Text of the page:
Thursday, February 22, 2024

Today, on the Christian History Almanac, we remember a medieval Reformer and “Doctor of the Church”: Peter Damian.

It is the 22nd of February 2024. Welcome to the Christian History Almanac, brought to you by 1517 at; I’m Dan van Voorhis.


Let’s head back to the turn of the last millennium, circa 1000, and the so-called Dark Ages. While there is much to celebrate in these so-called “Dark Ages,” it was around the year 1000 that we saw considerable excitement and tumult.

The Carolingian Renaissance brought about by Charlemagne in the year 800 was in the rear view and expectations about the end of the world ran high. The church of the Latin West suffered under numerous popes and anti-popes, and the church became a vehicle for personal power and wealth.

Born amidst this turmoil was Peter in Ravenna to a noble family. Despite being Noble, the story is that the family did not want to care for the last of seven children, and he was to be left out to die of exposure. His family was shamed and he was adopted by an older brother who employed him as a swine-herd. The kindness of a sister and another brother led to him being relieved of his pig farming work and he was sent to school where he excelled. By the age of 25, he was a popular lecturer and had taken a second name, Damian, after his brother, who adopted him.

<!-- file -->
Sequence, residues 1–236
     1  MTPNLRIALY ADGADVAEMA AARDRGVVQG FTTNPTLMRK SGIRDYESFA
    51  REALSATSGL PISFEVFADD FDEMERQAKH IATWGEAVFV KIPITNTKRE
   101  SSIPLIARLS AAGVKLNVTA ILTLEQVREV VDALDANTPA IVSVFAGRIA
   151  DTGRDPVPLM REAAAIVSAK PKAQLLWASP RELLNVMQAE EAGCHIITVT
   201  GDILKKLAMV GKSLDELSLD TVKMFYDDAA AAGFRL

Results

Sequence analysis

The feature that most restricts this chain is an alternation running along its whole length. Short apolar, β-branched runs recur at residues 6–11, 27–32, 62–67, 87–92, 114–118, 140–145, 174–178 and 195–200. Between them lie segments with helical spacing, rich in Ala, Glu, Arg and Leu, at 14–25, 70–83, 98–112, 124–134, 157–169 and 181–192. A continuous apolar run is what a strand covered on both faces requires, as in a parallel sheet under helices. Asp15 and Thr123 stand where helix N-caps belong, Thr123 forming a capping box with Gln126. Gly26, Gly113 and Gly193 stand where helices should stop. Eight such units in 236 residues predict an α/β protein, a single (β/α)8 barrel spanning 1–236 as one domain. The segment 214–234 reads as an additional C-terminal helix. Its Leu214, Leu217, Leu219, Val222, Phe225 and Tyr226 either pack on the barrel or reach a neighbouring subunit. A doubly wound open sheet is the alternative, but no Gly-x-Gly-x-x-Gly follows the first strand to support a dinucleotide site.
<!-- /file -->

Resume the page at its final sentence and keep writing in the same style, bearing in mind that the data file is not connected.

But Peter Damian wanted to get away from the academic life at the University, and upon meeting two hermits from a local monastery, he joined them as a novice. He would soon become master of the monastery- despite wanting solitude; he was continually called to leadership roles.

At the monastery, he initiated reforms, from flagellation (an act of whipping oneself for penance) to an afternoon nap for sleepy monks who stayed up late praying.

When a friend of his, Hildebrand, was rising in the church ranks and eventually made Pope Gregory VII, he would call on Peter Damian to bring his zeal for reform to the whole church.